The story of Dietrich's Bonhoeffer's life as told in this biography is nothing less than extraordinary. I finished it about a month ago, and it is still profoundly resonating in me. Having the opportunity to dive into this work is like being mentored by one of the most passionate and gentle of pastors and an opportunity to walk along side a saint who has completely and radically sought to live a life in obedience to Christ. For me, it has been pivotal for my faith and discipline.
There are a LOT of details in this book, and I am not sure I would have got through it, if it wasn't an audio book because of them. But in listening, the details just enriched the story rather than burden it. Happy Listening!
I love books!
When I decided to purchase this book I knew it appeared to be intellectual and I knew it might seem long. I was right on both counts but it was still a good listen. It was intellectual and I would guess those more into theology than me would appreciate it more. I liked the idea of listening to a story of a German who saw the rise to power of Hitler and Nazism and stood up for the evil it was unlike most of his countrymen. In that it didn't disappoint. I've always been a bit of a WWII buff and seeing Germany evolve at that time from an inside perspective was the key to me. And, Bonhoeffer truly seemed like a holy man.
I like History and Christian Fiction. I like to recommend books that are descriptive, but not something I wouldn't recommend to my kids.
A great book to read for the story of Bonhoeffer, but also for understanding what a true walk with Christ could be if we would allow Him to work in and through us.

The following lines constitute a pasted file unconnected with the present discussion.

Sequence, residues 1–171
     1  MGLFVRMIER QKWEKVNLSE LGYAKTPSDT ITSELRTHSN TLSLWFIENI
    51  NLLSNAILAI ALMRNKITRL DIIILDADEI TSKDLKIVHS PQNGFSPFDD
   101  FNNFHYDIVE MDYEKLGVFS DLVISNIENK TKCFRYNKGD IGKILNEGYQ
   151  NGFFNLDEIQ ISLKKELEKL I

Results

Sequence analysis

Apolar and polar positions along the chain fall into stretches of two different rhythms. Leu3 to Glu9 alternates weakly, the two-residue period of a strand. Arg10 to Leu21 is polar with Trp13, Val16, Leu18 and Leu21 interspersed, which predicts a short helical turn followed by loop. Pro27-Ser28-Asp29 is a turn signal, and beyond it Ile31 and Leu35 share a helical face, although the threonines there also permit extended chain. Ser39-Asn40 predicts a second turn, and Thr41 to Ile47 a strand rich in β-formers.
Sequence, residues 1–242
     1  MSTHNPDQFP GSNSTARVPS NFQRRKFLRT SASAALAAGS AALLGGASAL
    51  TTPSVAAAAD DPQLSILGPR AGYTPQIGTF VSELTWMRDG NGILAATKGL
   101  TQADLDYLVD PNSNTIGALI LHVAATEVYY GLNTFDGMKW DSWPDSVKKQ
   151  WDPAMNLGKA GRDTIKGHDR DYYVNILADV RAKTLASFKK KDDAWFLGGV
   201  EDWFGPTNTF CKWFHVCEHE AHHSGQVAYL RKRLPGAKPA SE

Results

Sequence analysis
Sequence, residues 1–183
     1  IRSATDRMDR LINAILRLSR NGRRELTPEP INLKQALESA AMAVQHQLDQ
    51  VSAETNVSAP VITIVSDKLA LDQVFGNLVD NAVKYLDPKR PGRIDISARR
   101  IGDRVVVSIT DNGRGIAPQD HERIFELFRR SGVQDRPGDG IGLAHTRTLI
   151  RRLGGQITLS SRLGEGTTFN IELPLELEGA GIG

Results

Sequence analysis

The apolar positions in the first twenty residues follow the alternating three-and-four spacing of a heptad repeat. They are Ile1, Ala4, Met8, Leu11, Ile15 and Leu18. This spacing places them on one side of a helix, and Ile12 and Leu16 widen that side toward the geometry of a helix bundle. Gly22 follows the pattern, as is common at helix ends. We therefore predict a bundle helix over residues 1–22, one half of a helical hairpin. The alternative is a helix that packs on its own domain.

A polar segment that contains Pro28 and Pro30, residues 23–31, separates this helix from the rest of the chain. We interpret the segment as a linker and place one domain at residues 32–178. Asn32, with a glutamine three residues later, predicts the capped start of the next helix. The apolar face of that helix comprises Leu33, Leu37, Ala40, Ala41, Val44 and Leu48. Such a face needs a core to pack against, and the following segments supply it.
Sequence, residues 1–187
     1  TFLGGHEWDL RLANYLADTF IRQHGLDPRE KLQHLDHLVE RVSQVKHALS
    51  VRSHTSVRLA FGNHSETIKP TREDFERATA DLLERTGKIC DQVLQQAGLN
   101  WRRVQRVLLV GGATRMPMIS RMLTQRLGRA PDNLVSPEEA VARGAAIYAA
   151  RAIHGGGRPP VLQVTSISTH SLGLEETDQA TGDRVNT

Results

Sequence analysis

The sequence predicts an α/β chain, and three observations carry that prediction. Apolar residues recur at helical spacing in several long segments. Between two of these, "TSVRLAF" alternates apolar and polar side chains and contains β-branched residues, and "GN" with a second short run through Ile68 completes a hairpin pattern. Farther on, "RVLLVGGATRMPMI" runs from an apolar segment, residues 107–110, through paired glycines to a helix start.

When I read (or listened to) this book I was struck by how God worked through those years, in Germany and around the world. It was a terrible time in terms of loss of life and human struggle, but Hitler didn't leave the scene until God allowed it. I don't think any of us will understand this until sometime after we leave this earth.
I would love to find more books like this.
My mood is somber as I complete this book. I rarely write any kind of review beyond a thumbs up or down, but I want so much to talk about this book. The thing that strikes me so much about Dietrich Bonhoeffer is not the tragedy of his death, but the importance of his life. He wasn't so much bold and brave as he was convicted by his faith, his complete trust in God. That he was a key figure in the Nazi resistance and member of one of Germany's academically elite families somehow take the back seat.
Everyone knows what happened during the second World War; the atrocities of Hitler and the Third Reich, but this perspective is absolutely astounding. Hitler truly was the incarnation of evil, in an almost supernatural embodiment. Those who stood up to him were unbelievably courageous and those who lost their lives to his "work" are true martyrs. I'm surprised that Bonhoeffer's story is not more widely known or taught in our historical education.
good book about a great man and a great life
metaxas tone is through and detailed and respectful
he does not attempt to undermine or exploit his subject
bonhoeffer's background was frighteningly aloof and academic
at many points in his youth he seemed to hold life at arm's length
the war and nazi politics stripped all of that away
he embraced the opportunity to confront evil head on
the assassination plots seems amateurish in retrospect
his disregard of american seminaries seems spot on
his embrace of the african-american church is perceptive
the book hinges on his decision to return to germany from NYC
he willingly faced almost certain death but saw no other choice
what does it mean to be a christian in the 20th century ?
no man ever answered that question better than bonhoeffer
"... i will not offer that which costs me nothing ..."